Budget 2024: Minorities face setback in education and welfare programmes

Schemes aimed at skill development, livelihood, and special initiatives for minorities have also faced substantial budget cuts

Hyderabad: The financial woes for the Union ministry of minority affairs persist as the Budget estimate remains almost the same, with only a marginal increase for a few schemes and programmes.

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The allocation for the ministry has seen a slight rise, moving from Rs 3,097.6 crore in the last fiscal year (2023-24) to Rs 3,183.24 crore for the upcoming financial year (2024-25). Unfortunately, this meager increase offers little solace, especially considering the challenges faced by minorities.

Last year, the ministry of minority affairs experienced a substantial 38% budget cut, raising concerns about the government’s commitment to empowering minority communities. Despite discontinuing some schemes, the recent budget allocation reflects a significant decline in the ministry’s overall budget.

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One of the noticeable impacts hits is the field of education, with a decrease in the allocation for total education and empowerment of minorities. Critical schemes like the Maulana Azad National Fellowship, Nai Udan (support for students clearing prelims of UPSC and state commissions exams), and pre-matric scholarships for students in classes I-VII have already been discontinued. These cuts directly impact the educational aspirations of minority students across the country.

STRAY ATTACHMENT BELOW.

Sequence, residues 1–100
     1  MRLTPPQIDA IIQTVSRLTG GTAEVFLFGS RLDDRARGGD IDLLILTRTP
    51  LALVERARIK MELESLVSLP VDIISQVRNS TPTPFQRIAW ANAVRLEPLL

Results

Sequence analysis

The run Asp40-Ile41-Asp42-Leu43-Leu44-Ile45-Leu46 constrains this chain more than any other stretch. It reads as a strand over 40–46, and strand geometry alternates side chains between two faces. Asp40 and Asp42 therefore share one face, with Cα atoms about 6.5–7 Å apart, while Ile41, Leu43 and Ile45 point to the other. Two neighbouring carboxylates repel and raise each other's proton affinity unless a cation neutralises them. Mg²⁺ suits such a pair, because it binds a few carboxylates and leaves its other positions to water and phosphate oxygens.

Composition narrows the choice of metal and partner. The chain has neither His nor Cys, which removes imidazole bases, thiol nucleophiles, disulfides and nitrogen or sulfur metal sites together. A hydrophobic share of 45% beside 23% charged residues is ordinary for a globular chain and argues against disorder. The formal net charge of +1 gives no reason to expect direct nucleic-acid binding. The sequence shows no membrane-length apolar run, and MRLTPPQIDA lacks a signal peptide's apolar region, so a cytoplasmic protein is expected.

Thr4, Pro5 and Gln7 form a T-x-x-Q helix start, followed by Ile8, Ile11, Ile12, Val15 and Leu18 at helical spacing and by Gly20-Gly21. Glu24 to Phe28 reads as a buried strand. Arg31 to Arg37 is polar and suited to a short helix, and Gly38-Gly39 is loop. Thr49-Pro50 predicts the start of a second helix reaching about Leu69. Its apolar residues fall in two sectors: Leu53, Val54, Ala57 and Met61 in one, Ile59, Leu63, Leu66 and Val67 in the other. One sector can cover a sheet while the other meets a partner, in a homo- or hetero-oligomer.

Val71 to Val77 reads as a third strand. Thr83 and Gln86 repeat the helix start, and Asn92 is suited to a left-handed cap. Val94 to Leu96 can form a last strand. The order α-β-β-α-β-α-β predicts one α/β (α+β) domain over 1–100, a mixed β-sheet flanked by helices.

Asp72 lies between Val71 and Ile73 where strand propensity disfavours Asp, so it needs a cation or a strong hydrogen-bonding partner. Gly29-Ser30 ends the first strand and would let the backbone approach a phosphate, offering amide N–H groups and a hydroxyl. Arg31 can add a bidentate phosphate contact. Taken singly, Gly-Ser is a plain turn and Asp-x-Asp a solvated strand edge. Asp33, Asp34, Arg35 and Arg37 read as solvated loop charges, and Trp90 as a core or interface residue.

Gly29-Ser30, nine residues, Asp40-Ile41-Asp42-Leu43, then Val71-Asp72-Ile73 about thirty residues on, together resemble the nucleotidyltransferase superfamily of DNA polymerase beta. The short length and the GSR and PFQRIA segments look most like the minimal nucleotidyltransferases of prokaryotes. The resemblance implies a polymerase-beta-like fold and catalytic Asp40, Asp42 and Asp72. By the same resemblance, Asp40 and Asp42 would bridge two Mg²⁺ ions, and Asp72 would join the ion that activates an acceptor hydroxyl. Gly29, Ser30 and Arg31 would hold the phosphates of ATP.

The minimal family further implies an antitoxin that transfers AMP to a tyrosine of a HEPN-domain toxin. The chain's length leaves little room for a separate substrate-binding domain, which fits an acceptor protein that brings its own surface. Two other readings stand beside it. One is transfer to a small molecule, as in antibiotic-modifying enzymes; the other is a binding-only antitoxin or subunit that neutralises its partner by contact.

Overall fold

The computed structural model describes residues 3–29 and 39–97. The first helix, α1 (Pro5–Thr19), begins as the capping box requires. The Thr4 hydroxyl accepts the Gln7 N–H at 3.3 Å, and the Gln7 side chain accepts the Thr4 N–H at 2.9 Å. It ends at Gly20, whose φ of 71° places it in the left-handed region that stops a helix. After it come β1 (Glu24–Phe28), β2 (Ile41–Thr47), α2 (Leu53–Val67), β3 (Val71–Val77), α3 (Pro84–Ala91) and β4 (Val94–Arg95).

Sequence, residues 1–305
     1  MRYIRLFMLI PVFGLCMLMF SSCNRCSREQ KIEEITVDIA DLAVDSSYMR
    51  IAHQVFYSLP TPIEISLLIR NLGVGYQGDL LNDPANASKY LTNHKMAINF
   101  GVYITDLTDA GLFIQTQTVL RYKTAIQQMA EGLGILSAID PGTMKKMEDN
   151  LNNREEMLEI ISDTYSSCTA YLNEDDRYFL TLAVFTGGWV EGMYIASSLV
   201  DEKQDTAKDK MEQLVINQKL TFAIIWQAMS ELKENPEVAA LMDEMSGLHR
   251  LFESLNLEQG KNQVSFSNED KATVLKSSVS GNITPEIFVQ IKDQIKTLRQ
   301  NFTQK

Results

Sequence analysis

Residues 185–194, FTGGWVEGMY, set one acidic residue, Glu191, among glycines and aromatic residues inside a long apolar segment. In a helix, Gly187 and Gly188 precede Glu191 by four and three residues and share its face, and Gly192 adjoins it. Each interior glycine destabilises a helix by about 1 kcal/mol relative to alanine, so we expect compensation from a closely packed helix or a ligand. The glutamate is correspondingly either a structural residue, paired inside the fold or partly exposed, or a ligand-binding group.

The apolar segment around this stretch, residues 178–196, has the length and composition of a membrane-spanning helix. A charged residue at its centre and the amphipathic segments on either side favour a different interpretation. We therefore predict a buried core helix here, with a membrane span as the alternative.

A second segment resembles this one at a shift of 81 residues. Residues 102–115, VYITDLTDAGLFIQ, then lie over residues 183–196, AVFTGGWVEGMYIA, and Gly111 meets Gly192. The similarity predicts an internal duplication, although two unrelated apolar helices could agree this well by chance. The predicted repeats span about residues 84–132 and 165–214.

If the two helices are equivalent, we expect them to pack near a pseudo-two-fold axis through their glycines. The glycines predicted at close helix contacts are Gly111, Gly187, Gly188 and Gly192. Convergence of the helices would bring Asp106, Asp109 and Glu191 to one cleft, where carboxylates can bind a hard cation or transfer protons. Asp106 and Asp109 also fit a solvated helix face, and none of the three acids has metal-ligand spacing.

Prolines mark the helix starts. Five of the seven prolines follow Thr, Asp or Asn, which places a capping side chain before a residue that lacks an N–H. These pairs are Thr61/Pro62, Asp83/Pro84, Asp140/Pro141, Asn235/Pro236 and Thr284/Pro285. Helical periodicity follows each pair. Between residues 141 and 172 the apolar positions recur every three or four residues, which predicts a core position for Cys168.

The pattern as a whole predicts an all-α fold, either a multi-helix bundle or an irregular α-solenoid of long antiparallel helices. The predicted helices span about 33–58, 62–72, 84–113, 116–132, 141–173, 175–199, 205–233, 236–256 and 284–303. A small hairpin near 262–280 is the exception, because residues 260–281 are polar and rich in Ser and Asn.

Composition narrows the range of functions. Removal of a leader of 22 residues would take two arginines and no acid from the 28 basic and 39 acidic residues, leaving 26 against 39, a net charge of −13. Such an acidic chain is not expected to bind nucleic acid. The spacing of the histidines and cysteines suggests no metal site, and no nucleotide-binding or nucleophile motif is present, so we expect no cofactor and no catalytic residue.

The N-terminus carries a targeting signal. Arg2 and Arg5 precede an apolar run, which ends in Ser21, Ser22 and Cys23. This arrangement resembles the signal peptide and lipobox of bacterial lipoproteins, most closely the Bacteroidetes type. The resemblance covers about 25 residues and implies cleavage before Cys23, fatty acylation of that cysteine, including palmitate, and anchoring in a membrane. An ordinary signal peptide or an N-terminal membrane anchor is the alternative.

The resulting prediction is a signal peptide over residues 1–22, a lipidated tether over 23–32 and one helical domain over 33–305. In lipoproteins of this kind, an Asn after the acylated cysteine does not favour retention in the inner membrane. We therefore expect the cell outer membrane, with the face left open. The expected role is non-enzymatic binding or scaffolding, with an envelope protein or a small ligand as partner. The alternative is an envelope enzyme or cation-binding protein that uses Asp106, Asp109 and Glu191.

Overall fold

Additionally, schemes aimed at skill development, livelihood, and special initiatives for minorities have also faced substantial budget cuts. In the previous financial year, programmes like USTAD (skill training for traditional art/craft development), Nai Roshni (leadership development of minority women), and Nai Manzil (integrated educational and livelihood initiative) have received nominal budget allocations, raising concerns about their effectiveness.

As the budget landscape remains largely unchanged, the plight of minorities in accessing quality education and skill development opportunities remain a distant dream.

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